A top Romney aide, Dan Senor, also indicated that Romney would “respect” an Israeli decision to take unilateral military action against Iran.
Mitt Romney’s campaign has repeatedly cited Netanyahu’s words as part of an effort to paint the president’s strategy for keeping Tehran from getting nuclear weapons as a failure and attack him as insufficiently supportive of Israel.
"We have to be honest and say that all the diplomacy and sanctions so far have not set back the Iranian program by one iota," he told Romney.
Mitt Romney seeks to assure Israel and Iran, as well as Jewish voters in the United States, that he will be tougher against Iran's nuclear ambitions than President Barack Obama. So far, though, the main differences on the issue between the presumptive Republican nominee and the president he hopes to defeat in the November election involve tone and nuance more than substance.
The candidate specifically cited Russia's role in Syria and in international sanctions, saying it "has been slow to move to the kinds of sanctions that have been called for in Iran.
Mitt Romney fired the first shot while speaking at the Veterans of Foreign Wars convention in Reno, accusing the president of “undermining” Israel and citing the Islamic Republic as the world’s greatest threat.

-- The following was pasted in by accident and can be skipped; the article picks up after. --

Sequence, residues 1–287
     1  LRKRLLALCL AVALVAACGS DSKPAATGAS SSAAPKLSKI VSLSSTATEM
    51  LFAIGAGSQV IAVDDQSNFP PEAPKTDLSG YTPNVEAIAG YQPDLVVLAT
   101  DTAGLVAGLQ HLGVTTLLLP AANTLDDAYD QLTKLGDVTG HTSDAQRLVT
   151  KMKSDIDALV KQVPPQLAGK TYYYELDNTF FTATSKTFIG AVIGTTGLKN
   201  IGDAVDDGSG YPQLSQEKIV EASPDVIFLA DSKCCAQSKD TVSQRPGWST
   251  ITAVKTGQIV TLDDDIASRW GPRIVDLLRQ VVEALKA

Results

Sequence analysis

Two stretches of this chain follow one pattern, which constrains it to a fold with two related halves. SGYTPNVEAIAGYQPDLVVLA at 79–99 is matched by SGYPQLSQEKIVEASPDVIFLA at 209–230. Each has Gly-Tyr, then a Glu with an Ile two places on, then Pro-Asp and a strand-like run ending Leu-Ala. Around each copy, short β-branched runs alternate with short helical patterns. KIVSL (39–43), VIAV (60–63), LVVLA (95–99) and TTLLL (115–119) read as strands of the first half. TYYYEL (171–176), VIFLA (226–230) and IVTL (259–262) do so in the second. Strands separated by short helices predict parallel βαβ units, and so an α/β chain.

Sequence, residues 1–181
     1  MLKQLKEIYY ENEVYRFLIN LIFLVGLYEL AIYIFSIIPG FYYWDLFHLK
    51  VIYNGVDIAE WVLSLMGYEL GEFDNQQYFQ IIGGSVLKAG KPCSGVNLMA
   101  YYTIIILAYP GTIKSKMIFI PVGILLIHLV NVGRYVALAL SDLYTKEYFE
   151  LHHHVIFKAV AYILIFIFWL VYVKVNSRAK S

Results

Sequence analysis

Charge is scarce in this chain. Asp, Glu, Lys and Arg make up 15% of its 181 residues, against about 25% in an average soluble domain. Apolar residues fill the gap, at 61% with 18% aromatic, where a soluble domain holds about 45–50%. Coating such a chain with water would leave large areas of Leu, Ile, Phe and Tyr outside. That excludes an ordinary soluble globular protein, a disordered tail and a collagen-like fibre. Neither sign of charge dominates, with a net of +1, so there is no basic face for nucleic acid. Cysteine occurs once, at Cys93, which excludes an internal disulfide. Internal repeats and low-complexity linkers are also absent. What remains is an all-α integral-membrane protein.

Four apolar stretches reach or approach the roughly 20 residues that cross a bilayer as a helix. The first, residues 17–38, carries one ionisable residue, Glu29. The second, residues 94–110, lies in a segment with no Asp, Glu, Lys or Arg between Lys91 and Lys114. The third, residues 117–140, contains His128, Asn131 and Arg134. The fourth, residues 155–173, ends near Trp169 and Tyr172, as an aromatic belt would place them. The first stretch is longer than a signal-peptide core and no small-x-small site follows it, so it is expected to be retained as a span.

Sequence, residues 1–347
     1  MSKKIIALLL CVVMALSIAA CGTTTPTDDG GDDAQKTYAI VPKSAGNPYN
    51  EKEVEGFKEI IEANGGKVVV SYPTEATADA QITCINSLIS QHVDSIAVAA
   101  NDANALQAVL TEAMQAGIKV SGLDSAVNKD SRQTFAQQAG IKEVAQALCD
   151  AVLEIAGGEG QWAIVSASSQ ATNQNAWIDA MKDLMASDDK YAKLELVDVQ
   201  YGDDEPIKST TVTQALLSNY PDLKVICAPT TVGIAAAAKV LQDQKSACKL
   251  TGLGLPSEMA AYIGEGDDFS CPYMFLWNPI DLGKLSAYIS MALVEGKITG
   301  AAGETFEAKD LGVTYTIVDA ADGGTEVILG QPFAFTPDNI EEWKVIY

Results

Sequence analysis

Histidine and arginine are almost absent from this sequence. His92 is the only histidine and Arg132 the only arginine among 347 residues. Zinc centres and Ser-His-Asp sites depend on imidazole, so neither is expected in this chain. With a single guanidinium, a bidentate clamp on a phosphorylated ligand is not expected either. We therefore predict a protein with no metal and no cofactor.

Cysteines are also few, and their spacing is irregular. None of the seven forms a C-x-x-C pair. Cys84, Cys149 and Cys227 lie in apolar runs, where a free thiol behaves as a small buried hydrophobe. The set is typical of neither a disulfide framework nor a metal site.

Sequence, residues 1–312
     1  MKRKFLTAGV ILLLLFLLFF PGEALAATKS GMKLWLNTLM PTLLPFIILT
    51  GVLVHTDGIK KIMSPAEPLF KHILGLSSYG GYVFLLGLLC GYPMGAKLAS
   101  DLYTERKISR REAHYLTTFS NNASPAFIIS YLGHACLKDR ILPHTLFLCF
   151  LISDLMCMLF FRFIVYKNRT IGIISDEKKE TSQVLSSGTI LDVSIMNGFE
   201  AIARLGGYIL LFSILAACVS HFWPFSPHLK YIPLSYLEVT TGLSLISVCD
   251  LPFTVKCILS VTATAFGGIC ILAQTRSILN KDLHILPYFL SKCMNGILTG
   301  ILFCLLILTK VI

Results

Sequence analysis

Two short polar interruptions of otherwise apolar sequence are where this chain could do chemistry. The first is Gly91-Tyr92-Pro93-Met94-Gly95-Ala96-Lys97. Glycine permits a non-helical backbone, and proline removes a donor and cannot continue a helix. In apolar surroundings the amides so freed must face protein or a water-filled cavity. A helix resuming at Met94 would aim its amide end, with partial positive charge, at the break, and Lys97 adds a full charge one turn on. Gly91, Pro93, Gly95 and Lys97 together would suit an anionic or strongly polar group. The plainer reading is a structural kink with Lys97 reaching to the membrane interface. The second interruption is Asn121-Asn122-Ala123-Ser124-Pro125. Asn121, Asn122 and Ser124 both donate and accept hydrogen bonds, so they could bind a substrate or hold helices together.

The announcement comes on the heels of Mitt Romney’s visit to Israel, where he vowed to employ “any and all measures to dissuade the Iranian regime from its nuclear course.”
A spokesman for Mr. Romney, Ryan Williams, said in a statement released after the sanctions were announced that Mr. Obama’s reluctance to confront Iran “has imperiled our allies and jeopardized our national security.”
Romney spokesman Ryan Williams cited Netanyahu's comments in saying that Obama "has allowed Iran's nuclear ambitions to proceed unimpeded. ... The president's refusal to take a tough stance when it comes to Iran has imperiled our allies and jeopardized our national security."
Romney wanted to enact tough sanctions years ago (for example at the Herzliya Conference five years ago), “impose diplomatic isolation” on Iran’s leaders and make credible the potential for a military option. “Diplomatic isolation should also include an indictment of Ahmadinejad for incitement to genocide under the Geneva Convention.”)
Sanctions are not ends in themselves. They are intended to persuade Iran to change course and abandon its nuclear program. President Obama deserves credit for pushing for a fourth round of international sanctions on Iran early in his term, just as before him President Bush deserved credit for the three previous rounds.